One of Gomez’s clients was caught in a complicated web when his coverage was terminated. He didn’t receive any of the mail to complete his redetermination process because his account was initially established under his now ex-wife and communication was sent to her. Though the man qualifies for benefits, he wasn’t able to get a warning about what was about to happen or send the state information to show he should receive them.

Then when he submitted a new application online, the system automatically associated him with his former wife’s account, further delaying the process.

“Because this patient had an urgent medical need with his medication, I was on hold for five-and-a-half hours and finally got an agent who said they couldn’t find his application at first,” Gomez said. Because his application was linked to someone else's with no way to correct that, the man needed to do another application over the phone again.

Other patients are waiting through the 45-day window for their reapplications to be processed after a denial.

“If somebody's diabetic and they need to get their medicine, I can’t tell them ‘Oh, Medicaid is pending but you can go get your insulin,’” Gomez said.

People can also be intimated by the sheer amount of information mailed to them, Gomez said, along with the process to apply online. There’s a dual-verification requirement to establish someone’s identity, and without a laptop or cellphone it’s not possible to submit.

“A lot of the people I’m working with are not technologically savvy,” Gomez continued. She had to get a work-issued smartphone to help people navigate the verification process, which requires the ability to take and submit a photo online.

Patients who lose access to health insurance are no longer able to keep seeing their doctors for chronic conditions that get worse without regular treatment, McGinty said, and can also lose access to medications.

“That’s been the biggest fear I’ve heard from our clients is the disruption,” McGinty said. “That’s huge and then the disruption for their children is huge, whether it’s physicals or sick child visits, there’s a big fear around losing that coverage for kids. It’s not healthy for our people to be cold-turkey stopping and restarting medication.”

Children losing coverage

By July 13, 13,748 children and teens under the age of 18 have lost Medicaid coverage through the unwinding process, Ebelt said.

“The number of children who have lost their health care in the past two months is concerning. It is more than every Montana public preschooler and kindergartener enrolled last year,” said S​​tephanie Morton, the executive director of Healthy Mothers, Healthy Babies Montana.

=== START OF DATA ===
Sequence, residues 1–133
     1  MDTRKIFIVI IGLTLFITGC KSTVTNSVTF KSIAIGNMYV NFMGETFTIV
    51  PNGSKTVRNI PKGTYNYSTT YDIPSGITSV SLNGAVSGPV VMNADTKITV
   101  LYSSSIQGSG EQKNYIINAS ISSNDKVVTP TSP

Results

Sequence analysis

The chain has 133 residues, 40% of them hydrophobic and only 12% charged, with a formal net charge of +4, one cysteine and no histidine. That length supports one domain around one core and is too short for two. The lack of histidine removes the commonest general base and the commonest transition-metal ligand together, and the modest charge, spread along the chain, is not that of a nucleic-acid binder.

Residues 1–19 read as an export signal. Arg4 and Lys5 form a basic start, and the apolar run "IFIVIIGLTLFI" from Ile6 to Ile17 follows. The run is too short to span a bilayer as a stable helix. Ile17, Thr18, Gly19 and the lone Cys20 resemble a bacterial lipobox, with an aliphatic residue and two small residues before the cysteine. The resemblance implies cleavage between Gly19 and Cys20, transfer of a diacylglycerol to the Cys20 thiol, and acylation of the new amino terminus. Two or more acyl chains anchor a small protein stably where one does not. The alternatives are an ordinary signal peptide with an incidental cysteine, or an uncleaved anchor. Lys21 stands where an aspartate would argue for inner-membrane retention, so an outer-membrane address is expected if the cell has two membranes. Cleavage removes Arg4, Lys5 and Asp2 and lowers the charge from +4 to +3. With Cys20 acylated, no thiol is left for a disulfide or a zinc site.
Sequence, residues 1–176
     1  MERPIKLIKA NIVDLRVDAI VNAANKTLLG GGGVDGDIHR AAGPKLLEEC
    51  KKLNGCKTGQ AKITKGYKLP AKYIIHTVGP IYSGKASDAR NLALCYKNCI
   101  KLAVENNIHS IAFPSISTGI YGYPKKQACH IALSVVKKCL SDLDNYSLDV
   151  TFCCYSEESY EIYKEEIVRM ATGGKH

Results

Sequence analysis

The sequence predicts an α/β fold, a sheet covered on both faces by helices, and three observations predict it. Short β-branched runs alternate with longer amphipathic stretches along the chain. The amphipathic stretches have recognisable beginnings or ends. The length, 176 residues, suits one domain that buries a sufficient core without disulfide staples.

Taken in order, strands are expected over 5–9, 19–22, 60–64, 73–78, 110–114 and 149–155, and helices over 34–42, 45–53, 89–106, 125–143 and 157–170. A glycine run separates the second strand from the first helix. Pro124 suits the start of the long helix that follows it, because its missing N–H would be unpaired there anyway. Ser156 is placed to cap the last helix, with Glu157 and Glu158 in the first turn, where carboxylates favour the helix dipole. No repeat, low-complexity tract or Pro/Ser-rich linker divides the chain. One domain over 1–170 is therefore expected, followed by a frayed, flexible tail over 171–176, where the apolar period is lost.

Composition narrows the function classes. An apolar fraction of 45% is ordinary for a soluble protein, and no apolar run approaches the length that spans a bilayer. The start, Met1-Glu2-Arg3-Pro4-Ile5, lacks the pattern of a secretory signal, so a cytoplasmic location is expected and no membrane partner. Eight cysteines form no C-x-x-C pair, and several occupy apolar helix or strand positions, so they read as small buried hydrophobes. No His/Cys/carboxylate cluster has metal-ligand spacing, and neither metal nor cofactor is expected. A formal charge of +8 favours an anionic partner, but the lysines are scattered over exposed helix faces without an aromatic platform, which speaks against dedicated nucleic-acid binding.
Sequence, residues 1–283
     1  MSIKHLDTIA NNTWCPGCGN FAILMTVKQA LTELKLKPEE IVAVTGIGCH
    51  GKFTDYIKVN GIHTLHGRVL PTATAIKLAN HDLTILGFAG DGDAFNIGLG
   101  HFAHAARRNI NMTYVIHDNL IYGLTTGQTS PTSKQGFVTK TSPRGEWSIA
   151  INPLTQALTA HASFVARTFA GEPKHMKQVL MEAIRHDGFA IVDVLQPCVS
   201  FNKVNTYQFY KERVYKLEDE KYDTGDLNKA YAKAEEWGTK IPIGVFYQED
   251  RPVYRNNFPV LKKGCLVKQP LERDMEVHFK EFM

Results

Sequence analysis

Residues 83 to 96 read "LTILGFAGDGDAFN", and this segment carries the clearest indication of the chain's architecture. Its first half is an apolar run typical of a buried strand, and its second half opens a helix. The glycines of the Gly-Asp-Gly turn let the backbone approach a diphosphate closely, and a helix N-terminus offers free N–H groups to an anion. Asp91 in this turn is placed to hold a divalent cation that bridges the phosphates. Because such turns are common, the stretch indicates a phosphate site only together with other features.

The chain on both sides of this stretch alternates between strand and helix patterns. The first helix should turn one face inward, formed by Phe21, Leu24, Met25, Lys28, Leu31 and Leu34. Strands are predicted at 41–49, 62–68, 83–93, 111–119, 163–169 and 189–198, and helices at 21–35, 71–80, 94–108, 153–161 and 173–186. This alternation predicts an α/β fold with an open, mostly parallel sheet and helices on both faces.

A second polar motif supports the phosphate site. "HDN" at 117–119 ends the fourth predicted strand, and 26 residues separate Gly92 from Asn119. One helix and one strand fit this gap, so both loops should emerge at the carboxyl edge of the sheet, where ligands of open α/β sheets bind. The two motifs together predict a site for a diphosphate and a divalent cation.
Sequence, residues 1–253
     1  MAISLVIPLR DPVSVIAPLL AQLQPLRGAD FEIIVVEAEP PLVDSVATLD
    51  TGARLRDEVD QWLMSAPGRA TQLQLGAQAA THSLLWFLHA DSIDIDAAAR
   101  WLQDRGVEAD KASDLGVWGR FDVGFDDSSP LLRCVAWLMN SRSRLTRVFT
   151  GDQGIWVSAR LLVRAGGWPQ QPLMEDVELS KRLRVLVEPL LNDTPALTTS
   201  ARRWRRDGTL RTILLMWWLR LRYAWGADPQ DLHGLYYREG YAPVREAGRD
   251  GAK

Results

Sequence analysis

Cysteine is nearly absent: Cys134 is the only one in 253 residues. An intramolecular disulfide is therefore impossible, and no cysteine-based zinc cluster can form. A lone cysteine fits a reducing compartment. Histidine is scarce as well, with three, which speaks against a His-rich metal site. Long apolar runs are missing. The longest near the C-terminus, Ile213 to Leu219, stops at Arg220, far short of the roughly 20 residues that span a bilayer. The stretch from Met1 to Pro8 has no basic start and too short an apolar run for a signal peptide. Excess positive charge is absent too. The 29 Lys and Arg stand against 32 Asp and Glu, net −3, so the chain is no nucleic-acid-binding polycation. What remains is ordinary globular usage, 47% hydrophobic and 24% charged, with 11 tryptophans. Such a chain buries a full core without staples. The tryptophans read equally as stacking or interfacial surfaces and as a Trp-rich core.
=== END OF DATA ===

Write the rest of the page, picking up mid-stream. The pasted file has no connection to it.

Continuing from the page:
“Children need access to checkups and essential vaccinations. Those with chronic health conditions, such as cancer and diabetes, may miss medications that keep them alive. Administrative hurdles to keeping eligible kids and families covered are adding to the already difficult job of parents and caregivers in our state.”

Gomez, the enrollment specialist, said information coming from the health department doesn’t help parents understand that even if they exceed income limits for adult programs, their child still may qualify for Healthy Montana Kids programs.

“They’re not aware of the diversity of programs offered, so they go and search the income limits and it brings up the one for them as adults and they’re not interpreting the information correctly,” Gomez said.

People may also get denial letters for themselves but not realize it doesn’t necessarily apply to their children.

Families can be placed onto transitional Medicaid to offer some coverage while trying to get insurance elsewhere, but there’s minimal information provided about the program and people often don’t know if that means their child is still insured, Gomez said.

Going forward

CMS has stopped the redetermination process in a dozen states, not including Montana. CNN reported earlier this month Daniel Tsai, director of the Center for Medicaid and CHIP Services, told reporters in a press briefing that “despite all the preparations and what we know has been a tremendous amount of work at the state level and in the community, we are very concerned about the level of terminations, meaning disenrollment, that we are seeing across the country.”

Outreach efforts in Montana have included approximately 100,000 text messages to households most likely to have new mailing addresses encouraging them to update their contact information, Ebelt wrote. The health department also plans a new public service announcement campaign about redetermination, to run through the rest of the process.

Still, groups like the organizations that signed the letter to the federal government and All Nations in Missoula worry about the pace of review and disenrollment.

“Those 10 months are going to go by really fast,” McGinty said.

Holly Michels is the head of the Montana State News Bureau.  You can reach her at

Montana Budget & Policy Center

Shaping policy for a stronger Montana.

MBPC is a nonprofit organization focused on providing credible and timely research and analysis on budget, tax, and economic issues that impact low- and moderate-income Montana families.